Debt Stopped Tanking, but Are Consumers Ready to Start Spending?

Credit growth is on the rise in the U.S. and Japan but remains very sluggish by historical standards.


News that U.S. household debt rose at the fastest pace since 2007 in the fourth quarter of last year cheered markets. Investors wonder if the long deleveraging cycle that’s stifled growth for the past six years is finally over.

Don’t break out the champagne just yet. Although real credit growth in the U.S. has been positive for roughly two years and is approaching a 4 percent rate, it remains subdued by precrisis standards, and much of the increase reflects borrowing by companies to finance share buybacks rather than investment. Household borrowing has turned positive only recently and is 9.1 percent below the 2008 peak. The crisis appears to have had a lasting impact on consumers’ attitudes toward debt. In the euro area real credit growth is flatlining after several years of decline, while in Japan the move toward positive credit growth is a welcome change but still a very tentative one.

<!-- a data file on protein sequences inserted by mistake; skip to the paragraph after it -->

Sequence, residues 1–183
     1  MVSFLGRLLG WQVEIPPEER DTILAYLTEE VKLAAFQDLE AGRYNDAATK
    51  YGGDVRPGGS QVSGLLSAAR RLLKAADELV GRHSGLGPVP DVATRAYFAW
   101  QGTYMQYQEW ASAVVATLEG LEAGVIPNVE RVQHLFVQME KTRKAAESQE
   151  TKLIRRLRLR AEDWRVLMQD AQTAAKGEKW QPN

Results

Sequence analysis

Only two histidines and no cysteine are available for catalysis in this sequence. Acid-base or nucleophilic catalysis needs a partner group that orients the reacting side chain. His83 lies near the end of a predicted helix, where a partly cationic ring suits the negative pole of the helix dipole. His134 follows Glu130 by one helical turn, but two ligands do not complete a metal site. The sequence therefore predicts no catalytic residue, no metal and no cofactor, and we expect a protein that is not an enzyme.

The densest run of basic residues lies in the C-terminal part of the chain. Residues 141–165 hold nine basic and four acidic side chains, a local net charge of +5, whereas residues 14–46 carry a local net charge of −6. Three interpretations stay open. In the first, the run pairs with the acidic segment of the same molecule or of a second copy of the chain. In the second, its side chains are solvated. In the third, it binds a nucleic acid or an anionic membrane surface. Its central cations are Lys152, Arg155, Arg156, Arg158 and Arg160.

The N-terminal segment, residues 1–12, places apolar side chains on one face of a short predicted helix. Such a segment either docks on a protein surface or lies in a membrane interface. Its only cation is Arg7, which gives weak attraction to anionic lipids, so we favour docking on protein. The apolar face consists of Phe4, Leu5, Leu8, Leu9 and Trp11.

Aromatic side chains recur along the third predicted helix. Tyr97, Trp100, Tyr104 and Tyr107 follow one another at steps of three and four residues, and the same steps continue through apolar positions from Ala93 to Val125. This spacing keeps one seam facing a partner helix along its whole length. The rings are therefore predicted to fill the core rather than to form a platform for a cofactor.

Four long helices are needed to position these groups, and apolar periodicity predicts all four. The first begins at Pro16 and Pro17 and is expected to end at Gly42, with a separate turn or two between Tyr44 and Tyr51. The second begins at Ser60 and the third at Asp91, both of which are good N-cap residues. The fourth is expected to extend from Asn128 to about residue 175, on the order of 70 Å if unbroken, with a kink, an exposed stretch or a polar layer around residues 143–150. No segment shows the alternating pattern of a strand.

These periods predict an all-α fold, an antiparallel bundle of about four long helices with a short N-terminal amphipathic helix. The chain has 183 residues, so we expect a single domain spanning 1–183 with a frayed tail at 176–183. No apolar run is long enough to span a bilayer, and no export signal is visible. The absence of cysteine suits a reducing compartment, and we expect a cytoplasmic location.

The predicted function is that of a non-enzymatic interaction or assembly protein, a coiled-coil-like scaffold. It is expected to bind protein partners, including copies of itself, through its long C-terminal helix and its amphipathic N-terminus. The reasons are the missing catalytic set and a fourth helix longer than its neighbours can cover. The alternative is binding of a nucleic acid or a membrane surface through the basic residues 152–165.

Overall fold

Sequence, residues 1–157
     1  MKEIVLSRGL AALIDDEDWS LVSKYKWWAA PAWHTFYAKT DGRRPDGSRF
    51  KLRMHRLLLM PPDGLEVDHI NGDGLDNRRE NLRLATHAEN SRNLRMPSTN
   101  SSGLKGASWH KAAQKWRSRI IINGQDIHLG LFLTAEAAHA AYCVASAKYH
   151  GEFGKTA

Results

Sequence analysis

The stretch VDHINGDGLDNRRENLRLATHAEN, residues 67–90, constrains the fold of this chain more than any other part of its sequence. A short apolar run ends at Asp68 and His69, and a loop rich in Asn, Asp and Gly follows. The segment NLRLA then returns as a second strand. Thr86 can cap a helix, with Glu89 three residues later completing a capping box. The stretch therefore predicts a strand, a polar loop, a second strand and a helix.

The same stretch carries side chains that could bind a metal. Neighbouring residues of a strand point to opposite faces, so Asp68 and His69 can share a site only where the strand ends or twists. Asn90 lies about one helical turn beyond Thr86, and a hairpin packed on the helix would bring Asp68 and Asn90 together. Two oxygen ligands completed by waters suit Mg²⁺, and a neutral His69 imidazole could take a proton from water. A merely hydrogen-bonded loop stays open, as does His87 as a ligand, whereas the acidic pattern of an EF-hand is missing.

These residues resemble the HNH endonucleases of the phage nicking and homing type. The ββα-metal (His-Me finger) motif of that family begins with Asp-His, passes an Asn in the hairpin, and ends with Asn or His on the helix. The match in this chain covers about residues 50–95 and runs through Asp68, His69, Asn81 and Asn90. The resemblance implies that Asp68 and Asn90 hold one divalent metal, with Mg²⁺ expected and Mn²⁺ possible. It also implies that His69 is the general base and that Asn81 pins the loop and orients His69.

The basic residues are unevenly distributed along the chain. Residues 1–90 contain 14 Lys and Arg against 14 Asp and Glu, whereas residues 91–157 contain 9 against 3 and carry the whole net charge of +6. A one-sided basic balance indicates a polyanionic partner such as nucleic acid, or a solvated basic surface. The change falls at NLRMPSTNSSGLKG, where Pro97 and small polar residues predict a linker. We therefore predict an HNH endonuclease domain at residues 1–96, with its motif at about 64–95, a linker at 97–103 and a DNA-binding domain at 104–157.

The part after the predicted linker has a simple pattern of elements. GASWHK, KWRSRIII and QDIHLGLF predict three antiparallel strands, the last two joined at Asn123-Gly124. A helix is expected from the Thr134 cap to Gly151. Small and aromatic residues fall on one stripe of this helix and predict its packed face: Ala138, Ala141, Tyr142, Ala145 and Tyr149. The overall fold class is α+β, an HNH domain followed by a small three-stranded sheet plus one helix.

The debt supercycle may have stopped tanking, but it’s far from clear that Western consumers are ready to go on another leveraging binge.

(Click to enlarge)



Share This Image on Your Site